Tuesday 27th September 2016
The difference between being tired and fatigued
|In today's Health & Safety Bulletin:|
- Shift worker sacked for serious safety breaches
|A coal mine shift worker who arrived for work fatigued due to a lack of sleep was dismissed for a number of serious workplace safety breaches, including sleeping for around 100 minutes during a scheduled 30-minute break and failing to tell his supervisor.|
The shift worker was employed by Mt Arthur Coal Pty Ltd (Mt Arthur) as an operator, working at the Mt Arthur coal mine near Muswellbrook in the Hunter Valley, NSW. After completing night shift at 7:10am on the morning of Sunday, 20 March 2016, he went home and tried to sleep to prepare for the night shift at 6:30pm that evening.|
However, he did not sleep well because there were five adults and three children under the age of six at his house for a Sunday family lunch.
When the worker arrived at the mine at 6:30pm that evening he informed his supervisor that he had not slept well but proceeded to operate a bulldozer during his shift.
During his shift, the worker:
When it was discovered what had happened, Mt Arthur gave the worker an opportunity to show cause why his employment should not be terminated, then dismissed him and paid him four weeks’ pay in lieu of notice.
- lost track of time during his first crib break and taking about a 60-minute break rather than a 30- or 35-minute break;
- did not inform his supervisor that the grader he was operating started leaking oil and needed repairing; and
- slept during his second crib break for a period of approximately 100 minutes.
The worker then alleged unfair dismissal, claiming his dismissal was harsh, unjust and unreasonable.
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The court heard that in March this year Mount Arthur dismissed the worker for failing to notify his manager of the extent of his fatigue levels before and during the shift or that his machine had an oil leak, and taking two extended crib breaks.
These were deemed serious safety breaches and the commission agreed, rejecting his unfair dismissal claim.
Fair Work Commissioner Tony Saunders said this was not "simply a case where an employee has fallen asleep during a night shift", but one where he breached a number of fatigue-related policies, procedures and directions, which had serious safety implications for the workplace.
At the FWC hearing, the worker conceded that he should have, but did not, notify his supervisor and dispatch department when the grader he was operating had an oil leak and needed to be repaired at about 2:30am on 21 March 2016. Instead, the worker notified a fitter, who undertook the necessary repair work to the grader.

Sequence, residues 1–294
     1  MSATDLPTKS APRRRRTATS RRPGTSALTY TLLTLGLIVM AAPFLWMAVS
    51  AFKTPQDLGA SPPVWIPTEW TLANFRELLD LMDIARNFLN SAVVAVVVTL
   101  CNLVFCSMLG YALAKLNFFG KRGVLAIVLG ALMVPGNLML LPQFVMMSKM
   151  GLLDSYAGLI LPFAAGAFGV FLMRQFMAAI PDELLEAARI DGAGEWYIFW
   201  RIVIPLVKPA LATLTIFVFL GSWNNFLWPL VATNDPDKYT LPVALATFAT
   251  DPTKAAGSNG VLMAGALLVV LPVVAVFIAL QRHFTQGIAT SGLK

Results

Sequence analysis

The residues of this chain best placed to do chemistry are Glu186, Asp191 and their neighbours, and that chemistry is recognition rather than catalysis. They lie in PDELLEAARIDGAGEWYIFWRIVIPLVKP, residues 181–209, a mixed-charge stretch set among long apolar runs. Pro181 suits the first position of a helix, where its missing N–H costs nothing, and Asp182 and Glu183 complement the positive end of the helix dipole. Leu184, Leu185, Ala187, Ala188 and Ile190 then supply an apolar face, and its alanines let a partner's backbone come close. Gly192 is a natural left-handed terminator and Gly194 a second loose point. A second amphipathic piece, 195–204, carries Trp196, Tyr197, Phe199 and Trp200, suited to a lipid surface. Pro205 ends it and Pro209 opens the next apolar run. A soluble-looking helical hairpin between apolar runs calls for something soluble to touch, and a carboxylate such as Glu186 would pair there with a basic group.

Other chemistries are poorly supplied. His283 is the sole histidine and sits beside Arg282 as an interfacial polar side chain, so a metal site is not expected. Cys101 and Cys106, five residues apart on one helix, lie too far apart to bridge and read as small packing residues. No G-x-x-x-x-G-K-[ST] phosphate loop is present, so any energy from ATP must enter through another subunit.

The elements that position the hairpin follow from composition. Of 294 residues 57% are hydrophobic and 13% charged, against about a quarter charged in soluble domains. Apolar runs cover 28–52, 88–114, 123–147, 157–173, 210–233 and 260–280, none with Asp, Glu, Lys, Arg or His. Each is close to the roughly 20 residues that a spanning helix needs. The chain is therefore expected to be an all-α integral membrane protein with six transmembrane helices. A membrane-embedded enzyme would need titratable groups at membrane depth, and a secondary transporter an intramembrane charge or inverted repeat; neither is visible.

While repairs were being done, the worker took his second crib break at about 2:30am while the grader he had been operating was being repaired. He went to a fatigue hut, set the alarm on his phone for 35 minutes and went to sleep. Mr Parish then slept through his alarm, waking about 100 minutes later.
Asleep in the fatigue hut
During this time, the dispatch department rang the supervisor and informed him that “[the worker] had been inactive for an extended period of time, but had not logged a delay in the system nor been in contact to explain why.” The supervisor then tried to contact the worker over the two-way radio and on his mobile phone to check he was alright and to find out what was happening, but the worker did not respond because he was asleep in the fatigue hut.
Mount Arthur's fatigue management procedure required workers to identify, monitor and report any fatigue issues, and fatigue-related safety issues were discussed in pre-start meetings, along with the importance of reporting equipment defects.
Commissioner Saunders found Mount Arthur had a "sound, defensible and well-founded" reason to dismiss the worker.
Although the worker argued that fatigued caused his errors during his shift and they were not misconduct, the Commissioner Saunders said the worker’s failure to comply with Mt Arthur's policies, procedures and directions meant that the dismissal was "not disproportionate to the gravity of the misconduct in which he engaged, nor was it harsh in any other sense.”
Are your safety procedures clear and understood by your workers? Are they robust enough to be defensible in court?
The Health & Safety Handbook, written by the legal experts at Holding Redlich, will guide you step-by-step through the process of developing your own, site-specific policies and procedures to ensure you protect your workers from harm and can penalise those who breach them.
Order your copy of the handbook today an obligation-free trial and take advantage of the checklists, step-by-step instructions, downloadable templates and other helpful hints and legal advice contained in each chapter.
Keep up the good work,
Editor, Health & Safety Bulletin
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